Biden – Churchill or Chamberlain? A Munich moment in Europe – News

Ukraine appears to be the flashpoint where Washington is being tested.



By Chidanand Rajghatta

Published: Wed 16 Feb 2022, 23:01

The time for reckoning has arrived for America – at home, in Europe and beyond. The question is: will the United States continue to project itself as a global power as it has for nearly a century, including two unchallenged decades in the sun in a unipolar world after winning the Cold War, dismembering the Soviet Union and China? wasn’t he up yet? Or will he back down in the face of the rise of China, the resurgence of Russia and the weakening of his own domestic politics? Ukraine appears to be the flashpoint where Washington is being tested.

In an evocative reference, British Defense Secretary Ben Wallace said there was a “wisp of Munich in the air” as the United States and Russia eyed each other in Ukraine. He alludes to the Munich Pact of 1938 which allowed Germany to annex the Sudetenland in hopes of preventing the outbreak of war. He does not have. A year later, Hitler entered Poland, starting World War II. Since then, the Munich agreement has been widely seen as synonymous with appeasement. History condemned the then British Prime Minister, Neville Chamberlain, as the architect of appeasement. It took a Churchill to push back and reclaim ground at enormous cost.

Will Biden be Chamberlain or Churchill? So far at least he has not been, at least openly, a chamberlain. It will soon be known if he has the courage and tenacity of Churchill – hopefully without the costs incurred during the Second World War – but for now he has kept his cool. Tuesday’s announcement of a partial or modest Russian withdrawal from the Ukrainian border is a vindication of his tough stance, though he believes the danger of invasion has not yet passed.

At the heart of the current dispute is Ukraine’s putative NATO membership. The United States and its European allies have gradually taken NATO from 12 countries and ending with Italy when it was formed in 1949, to 30 countries today, including the Baltic republics that were part of the ex-USSR, and which are now at the gates of Russia. Ukraine is one of the last buffers for Moscow.

Russia stoically followed NATO’s advance for nearly two decades as it recovered from the loss of the Cold War. With its economy partially restored by the oil and gas it supplies to Europe, especially Germany, and its army reinforced, Russia now wants to backtrack. For starters, he wants an ironclad commitment that the US and NATO will not bring Ukraine into the alliance. Then a withdrawal of strategic weapons from Eastern Europe that threaten it.

Acceding to Russia’s request will expose Biden to charges of surrender – hence the “smell of Munich in the air.” The big question here is, even if the United States and its allies offer a Munich to Putin, what is the guarantee that he will not draw a Hitler from them and seek to roll back NATO from the other Warsaw Pact countries that fled from the Soviet sphere of influence when the USSR lost the Cold War? Can the two sides agree on a deal that draws the line in Ukraine – and will that satisfy Russia?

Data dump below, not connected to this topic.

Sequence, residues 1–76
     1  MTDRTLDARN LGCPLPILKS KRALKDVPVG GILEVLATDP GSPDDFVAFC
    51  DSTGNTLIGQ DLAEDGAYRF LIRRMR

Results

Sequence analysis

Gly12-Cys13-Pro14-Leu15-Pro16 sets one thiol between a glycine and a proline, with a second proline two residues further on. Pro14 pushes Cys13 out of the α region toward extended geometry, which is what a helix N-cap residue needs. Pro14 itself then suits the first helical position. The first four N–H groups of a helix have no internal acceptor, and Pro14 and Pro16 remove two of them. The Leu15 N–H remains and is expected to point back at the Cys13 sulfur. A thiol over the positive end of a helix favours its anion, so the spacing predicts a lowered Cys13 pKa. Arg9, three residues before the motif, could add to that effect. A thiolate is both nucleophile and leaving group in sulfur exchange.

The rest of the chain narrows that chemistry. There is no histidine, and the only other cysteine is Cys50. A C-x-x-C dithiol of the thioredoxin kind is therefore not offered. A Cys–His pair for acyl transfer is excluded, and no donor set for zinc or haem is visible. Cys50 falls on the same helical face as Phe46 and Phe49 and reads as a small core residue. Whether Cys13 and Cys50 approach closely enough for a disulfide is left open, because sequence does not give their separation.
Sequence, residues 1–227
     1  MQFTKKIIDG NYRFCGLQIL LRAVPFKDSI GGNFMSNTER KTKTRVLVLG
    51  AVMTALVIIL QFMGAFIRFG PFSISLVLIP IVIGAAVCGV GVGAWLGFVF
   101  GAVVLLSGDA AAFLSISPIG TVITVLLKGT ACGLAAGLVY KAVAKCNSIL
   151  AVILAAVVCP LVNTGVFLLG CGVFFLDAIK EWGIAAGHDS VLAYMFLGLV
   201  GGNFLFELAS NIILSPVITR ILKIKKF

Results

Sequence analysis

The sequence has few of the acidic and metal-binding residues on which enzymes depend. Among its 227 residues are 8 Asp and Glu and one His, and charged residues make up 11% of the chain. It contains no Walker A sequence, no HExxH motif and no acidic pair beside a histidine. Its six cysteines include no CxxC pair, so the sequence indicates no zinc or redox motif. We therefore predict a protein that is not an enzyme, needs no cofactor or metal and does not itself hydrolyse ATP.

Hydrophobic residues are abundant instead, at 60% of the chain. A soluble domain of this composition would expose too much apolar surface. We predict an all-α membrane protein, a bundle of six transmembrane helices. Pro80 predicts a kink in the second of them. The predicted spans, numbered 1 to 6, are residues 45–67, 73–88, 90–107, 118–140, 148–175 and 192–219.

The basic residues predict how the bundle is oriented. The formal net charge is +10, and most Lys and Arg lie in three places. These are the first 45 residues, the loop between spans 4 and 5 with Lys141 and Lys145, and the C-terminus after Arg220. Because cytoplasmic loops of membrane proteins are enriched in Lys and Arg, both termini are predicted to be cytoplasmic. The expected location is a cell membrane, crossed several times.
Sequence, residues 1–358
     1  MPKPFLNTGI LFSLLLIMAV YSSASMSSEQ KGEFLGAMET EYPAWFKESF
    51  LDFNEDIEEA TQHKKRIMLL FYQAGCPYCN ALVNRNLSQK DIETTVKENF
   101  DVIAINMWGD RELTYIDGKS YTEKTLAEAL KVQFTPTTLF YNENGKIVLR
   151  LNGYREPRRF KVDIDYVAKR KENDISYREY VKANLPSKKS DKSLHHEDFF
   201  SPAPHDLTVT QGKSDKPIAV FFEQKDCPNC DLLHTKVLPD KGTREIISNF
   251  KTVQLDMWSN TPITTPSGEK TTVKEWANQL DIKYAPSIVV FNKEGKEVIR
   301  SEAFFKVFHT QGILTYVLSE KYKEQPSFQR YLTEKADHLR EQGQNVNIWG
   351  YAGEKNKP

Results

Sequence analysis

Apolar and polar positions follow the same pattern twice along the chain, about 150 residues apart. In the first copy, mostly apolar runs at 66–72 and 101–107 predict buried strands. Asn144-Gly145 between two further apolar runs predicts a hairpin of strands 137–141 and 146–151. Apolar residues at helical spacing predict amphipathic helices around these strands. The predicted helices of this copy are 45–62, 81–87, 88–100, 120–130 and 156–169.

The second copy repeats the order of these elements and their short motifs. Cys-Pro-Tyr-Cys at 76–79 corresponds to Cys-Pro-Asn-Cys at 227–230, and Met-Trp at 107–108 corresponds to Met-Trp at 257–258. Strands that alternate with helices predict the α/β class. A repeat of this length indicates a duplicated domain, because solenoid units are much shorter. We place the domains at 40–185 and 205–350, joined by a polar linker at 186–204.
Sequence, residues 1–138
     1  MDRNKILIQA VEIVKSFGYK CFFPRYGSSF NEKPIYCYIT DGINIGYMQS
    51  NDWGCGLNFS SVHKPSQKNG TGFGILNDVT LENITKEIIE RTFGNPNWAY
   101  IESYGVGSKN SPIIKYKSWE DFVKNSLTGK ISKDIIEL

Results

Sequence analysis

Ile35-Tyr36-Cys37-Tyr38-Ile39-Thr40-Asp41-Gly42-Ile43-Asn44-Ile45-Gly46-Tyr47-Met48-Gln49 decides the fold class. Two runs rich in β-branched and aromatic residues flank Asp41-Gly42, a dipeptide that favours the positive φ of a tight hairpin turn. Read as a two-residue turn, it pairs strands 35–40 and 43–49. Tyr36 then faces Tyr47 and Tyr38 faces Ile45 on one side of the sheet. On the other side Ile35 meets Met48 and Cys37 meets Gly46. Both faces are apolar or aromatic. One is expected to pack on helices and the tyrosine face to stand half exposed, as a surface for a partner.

This, of course, assumes that Ukraine itself enters into an agreement that will decide its future. She is in a complicated situation at the national level. Parts of eastern Ukraine that are Russian-speaking and neighbor Russia are pro-Moscow. The western parts are more tilted towards Europe. It is also a relatively new nation that aspires to decide its own future, without being dictated by either side.

Internal cohesion is also what Biden lacks. The American position is weakened not only by European allies feeding on Russian energy, but also by domestic politics. His two predecessors did not push Putin back enough. Obama was distracted by Iraq and Afghanistan to confront Russian advances in Crimea. Trump became Chamberlain in his own right, virtually giving Putin a free hand – Russia could have taken all of Europe, given Trump’s disdain for NATO.

The Trumpian line that the United States should mind its own business and let Europe handle its problem has many supporters in America — even within the Democratic Party — who view China, not Russia, as the main adversary.

Indeed, in many parts of the world, it is the United States that is seen as the warmongers, pushing Russia into a corner.

The US argument that nations like Ukraine should be free to decide their own future is undermined by the “sphere of influence” thinking that still prevails in the great power strategic community. Whether it is the United States, Russia or China, the great powers want to retain their sphere of influence.

The ability of the United States to resist the Russian push into Ukraine also depends on its ability to ‘walk and chew gum’ at the same time, a phrase a US official has used to argue that Washington could handle multiple crises simultaneously . For Biden, that would include crises at home. Americans are tired of foreign wars.